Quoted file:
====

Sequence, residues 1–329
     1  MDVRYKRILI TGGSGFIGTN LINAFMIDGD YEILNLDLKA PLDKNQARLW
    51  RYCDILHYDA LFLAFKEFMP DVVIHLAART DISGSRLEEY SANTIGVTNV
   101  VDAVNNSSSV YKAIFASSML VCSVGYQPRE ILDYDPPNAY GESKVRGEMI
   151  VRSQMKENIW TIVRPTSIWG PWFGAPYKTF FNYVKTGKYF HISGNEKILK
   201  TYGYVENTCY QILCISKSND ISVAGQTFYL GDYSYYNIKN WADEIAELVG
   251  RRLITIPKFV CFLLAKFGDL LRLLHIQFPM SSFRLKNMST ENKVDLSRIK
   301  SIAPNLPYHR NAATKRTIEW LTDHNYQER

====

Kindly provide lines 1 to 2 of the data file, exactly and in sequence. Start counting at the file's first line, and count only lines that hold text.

Sequence, residues 1–329
     1  MDVRYKRILI TGGSGFIGTN LINAFMIDGD YEILNLDLKA PLDKNQARLW